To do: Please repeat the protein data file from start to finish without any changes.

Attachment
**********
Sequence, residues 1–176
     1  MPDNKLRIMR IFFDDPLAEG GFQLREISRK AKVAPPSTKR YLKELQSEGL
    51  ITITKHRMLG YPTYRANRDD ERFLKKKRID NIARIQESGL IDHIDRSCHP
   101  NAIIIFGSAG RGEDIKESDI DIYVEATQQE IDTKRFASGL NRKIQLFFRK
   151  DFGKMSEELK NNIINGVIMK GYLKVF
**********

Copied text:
Sequence, residues 1–176
     1  MPDNKLRIMR IFFDDPLAEG GFQLREISRK AKVAPPSTKR YLKELQSEGL
    51  ITITKHRMLG YPTYRANRDD ERFLKKKRID NIARIQESGL IDHIDRSCHP
   101  NAIIIFGSAG RGEDIKESDI DIYVEATQQE IDTKRFASGL NRKIQLFFRK
   151  DFGKMSEELK NNIINGVIMK GYLKVF